Part of the problem is that your description of a bitcoin is both right in one way, and wrong in another. My bank account is also just a number, well multiple numbers, my banks ABA routing number, my personal account number, by account balance. Those three numbers are what give my account value, but additional numbers are needed to transfer that value to another account. It may be a bank internal transfer number, or a check number, or a debit card number, and it’s associated authorization number, etc. Some of those are issued ahead of time, some just as they are needed. My bank validates all those numbers, and checks that some of those numbers that should only be used once can only be used once, and that for each use the account balance is still enough to cover the transaction.

Bit coin is basically the same way, but without a bank at the center of it all. You have a (public) wallet number that serves the same use as the ABA routing and account numbers. You can calculate the total balance for any wallet number in the whole bitcoin system. When you want to send money you create a new transaction which is basically just a big number that can only be used once. Every wallet also has a private number, you use the private number to sign the transaction number, if any one tampers with the transaction it invalidates the signature. Since only you have the private wallet number no one else can sign a forged transaction for you. Then you send the transaction to the network, if the amount being sent is less than your balance, that transaction has never been seen before, and the signature is valid, then miners on the network may include it in the public ledger and it becomes a real transfer.

Bitcoins are not actually some magic number, your bitcoins are really just the sum of all bitcoins paid to your wallet number, plus the sum of all bit coins earned for that wallet through bitcoin mining, minus all bit coins paid out from your wallet. Each bitcoin doesn’t in fact have it’s own number, instead they are referenced by the block that earned them from mining or last transaction that referenced them. e.g. you could say earn a bitcoin from mining and it was stored in block 500, then if you wanted to send me half of it for this wonderful explanation you would create a transaction that says from block 500 send .5 bitcoin to my wallet, and send .5 bitcoin back to your wallet (yeah it weir but that’s how it works), this fully consumes the old bitcoin, dividing it into two parts. You send this out to the network and eventually it becomes a part of say block 527 (blocks aren’t really sequentially numbed, but the real number are semi random and very large), now I can create a transaction that says to use my .5 bitcoin from block 527 and you can create a transaction that uses your .5 bitcoin from block 527, but if you try to use the full bitcoin from block 500 the network will see that it has already been used once and reject your transaction. (You can also pull bitcoins and parts of bit coins together from different blocks into one transaction to make a larger transfer, assuming they are all owned by your wallet.)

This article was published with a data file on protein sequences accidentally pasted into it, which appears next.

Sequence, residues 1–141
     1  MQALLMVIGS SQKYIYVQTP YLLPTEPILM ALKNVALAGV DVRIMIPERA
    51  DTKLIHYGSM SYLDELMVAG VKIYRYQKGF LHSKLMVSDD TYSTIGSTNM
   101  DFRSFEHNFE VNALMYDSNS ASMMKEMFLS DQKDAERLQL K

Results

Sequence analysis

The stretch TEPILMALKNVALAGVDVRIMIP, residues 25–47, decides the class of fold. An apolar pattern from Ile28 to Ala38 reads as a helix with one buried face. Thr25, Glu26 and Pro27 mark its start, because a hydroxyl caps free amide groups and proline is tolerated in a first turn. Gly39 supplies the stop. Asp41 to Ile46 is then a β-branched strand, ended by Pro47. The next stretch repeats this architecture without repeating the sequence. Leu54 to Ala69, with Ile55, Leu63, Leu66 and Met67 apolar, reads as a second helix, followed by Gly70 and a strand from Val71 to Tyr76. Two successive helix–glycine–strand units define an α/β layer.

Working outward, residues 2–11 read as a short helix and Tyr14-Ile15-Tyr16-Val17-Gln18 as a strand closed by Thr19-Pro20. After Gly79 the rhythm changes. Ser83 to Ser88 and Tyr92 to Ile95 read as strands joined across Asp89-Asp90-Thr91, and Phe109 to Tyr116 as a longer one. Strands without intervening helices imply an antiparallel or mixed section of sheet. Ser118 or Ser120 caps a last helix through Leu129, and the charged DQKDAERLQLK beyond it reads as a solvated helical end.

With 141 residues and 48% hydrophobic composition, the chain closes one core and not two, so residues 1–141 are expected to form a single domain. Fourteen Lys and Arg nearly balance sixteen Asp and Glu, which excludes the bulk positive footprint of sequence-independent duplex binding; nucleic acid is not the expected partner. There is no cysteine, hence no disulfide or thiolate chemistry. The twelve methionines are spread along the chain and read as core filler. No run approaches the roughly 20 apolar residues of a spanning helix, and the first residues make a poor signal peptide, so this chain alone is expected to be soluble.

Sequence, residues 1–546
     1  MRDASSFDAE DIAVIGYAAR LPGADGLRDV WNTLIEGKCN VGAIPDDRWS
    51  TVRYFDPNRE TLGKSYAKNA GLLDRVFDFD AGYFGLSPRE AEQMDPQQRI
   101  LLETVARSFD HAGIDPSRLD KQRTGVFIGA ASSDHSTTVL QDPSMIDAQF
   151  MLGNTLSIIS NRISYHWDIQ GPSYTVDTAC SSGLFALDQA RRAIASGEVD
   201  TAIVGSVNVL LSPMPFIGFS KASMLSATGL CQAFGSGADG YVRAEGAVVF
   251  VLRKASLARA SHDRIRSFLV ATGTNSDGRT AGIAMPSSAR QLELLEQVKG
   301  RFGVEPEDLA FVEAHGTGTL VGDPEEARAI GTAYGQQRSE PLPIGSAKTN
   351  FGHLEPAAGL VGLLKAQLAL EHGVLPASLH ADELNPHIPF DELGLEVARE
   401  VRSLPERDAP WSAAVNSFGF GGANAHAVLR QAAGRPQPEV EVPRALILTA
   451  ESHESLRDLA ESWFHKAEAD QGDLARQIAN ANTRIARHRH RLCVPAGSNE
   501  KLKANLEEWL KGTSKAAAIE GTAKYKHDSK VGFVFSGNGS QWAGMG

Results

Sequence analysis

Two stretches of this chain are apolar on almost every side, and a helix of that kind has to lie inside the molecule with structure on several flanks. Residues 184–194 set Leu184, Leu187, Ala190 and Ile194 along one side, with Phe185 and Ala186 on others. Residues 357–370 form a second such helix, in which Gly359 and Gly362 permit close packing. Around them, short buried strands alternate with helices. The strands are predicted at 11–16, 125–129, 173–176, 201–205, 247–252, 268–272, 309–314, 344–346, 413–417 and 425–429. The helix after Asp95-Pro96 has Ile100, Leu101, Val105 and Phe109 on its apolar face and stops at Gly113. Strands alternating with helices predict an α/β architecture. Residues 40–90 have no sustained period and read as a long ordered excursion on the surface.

All transactions made through bitcoin are all publicly visible and audit-able at all times.


#11

Well I heard this from someone who doesn’t know a whole lot about bitcoin but who still has a good deal of friends and family in China. But yes, you probably shouldn’t trust some asshole on the BBS to tell you what the reality is.


#12